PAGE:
The class gave the students a broad understanding of what the carbon problem is, and why scientists are suggesting geologic sequestration as a solution to the CO2 emissions problem, at least as a stop gap measure until renewable energies are developed. Scientists believe the technology will not provide a permanent solution, because presumably the world will run out of places to store the carbon underground. However, many scientists believe it could be used as a very effective solution for the short term. Global carbon emissions keep increasing, so atmospheric concentrations of CO2 keep going up. If CO2 emissions cannot be reduced, then capturing and storing the CO2 in the ground will keep levels in the atmosphere down.

Adam Janzen, a student who took the class (he is earning his masters degree in Civil and Environmental Engineering, and is writing his thesis on the numerical modeling of carbon capture and sequestration), said, “In addition to furthering my knowledge of mathematical modeling of geologic CO2 storage, CEE 599 helped me see how my research fits into the global context of greenhouse gas mitigation.

“The oil industry has much experience in injecting CO2 , which they sometimes do for enhanced oil recovery to dissolve trapped oil that can’t simply be pumped out. We also know how to capture CO2 from power plant exhaust, but, like injection, we haven’t done it yet on the large scale being proposed. We’re still trying to determine whether we can put such enormous volumes of CO2 underground and keep it there. This was the goal of the course – to explain why scientists are considering geologic sequestration seriously and why it is a reasonable option.

“In the class we studied mathematical models to answer some of the questions we have about the technology in terms of its effectiveness and safety. We can’t see that far down into the Earth to directly observe what’s happening there, so we have to rely on simulations with mathematical models instead. I am writing computer programs to simulate what happens underground when CO2 is injected, and I’m specifically looking at how the injection affects the pressures in the rock formations. We must be careful not to raise the pressure high enough to fracture the rock, which could happen if we try to inject too much CO2 through a single well. If the rock fractures, the CO2 could potentially escape and go back into the atmosphere, and if that happens then obviously this technology won’t provide a solution.”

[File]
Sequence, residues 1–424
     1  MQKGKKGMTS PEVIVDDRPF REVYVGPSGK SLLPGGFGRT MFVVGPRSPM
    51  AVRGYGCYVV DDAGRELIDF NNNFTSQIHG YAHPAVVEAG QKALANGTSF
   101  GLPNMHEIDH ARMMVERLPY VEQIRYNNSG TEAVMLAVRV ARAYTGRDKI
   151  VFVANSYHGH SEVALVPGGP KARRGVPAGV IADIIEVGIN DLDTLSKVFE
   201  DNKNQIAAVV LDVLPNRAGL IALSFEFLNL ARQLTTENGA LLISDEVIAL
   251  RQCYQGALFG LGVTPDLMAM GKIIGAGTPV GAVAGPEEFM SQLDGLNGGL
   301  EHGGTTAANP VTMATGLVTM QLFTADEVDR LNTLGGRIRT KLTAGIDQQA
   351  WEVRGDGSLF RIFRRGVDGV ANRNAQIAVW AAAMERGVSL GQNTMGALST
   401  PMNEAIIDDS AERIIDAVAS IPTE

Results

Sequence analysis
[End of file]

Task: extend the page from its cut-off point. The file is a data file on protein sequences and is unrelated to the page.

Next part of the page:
May Jean Cheah, a PhD candidate in Chemical Engineering, also took the course. Her area of expertise is in hydrogen fuel cell research. May Jean found the course to be very valuable, explaining, “At the beginning of the class I was skeptical about the carbon sequestration technology, the idea of sequestering CO2 in saline aquifers. I wanted to know the truth, if there are safety issues, and if so, how are proponents dealing with them and other policy issues. I wanted to know what the myths are and what the truths are. Because of the class I am no longer skeptical. I learned that many of the myths are not true, and I now believe that during this transition period (from fossil fuels to renewable energy), it is a necessary technology.”

Celia hoped the class would give students a sense of the scale of the problem, and some facility with the numbers involved. “The main thing was to make sure the students understand and appreciate the kinds of models that Jan and I have put together and how we have been thinking about the problem. The thinking leads to models that are simple enough while still capturing the essential physics of the problem.”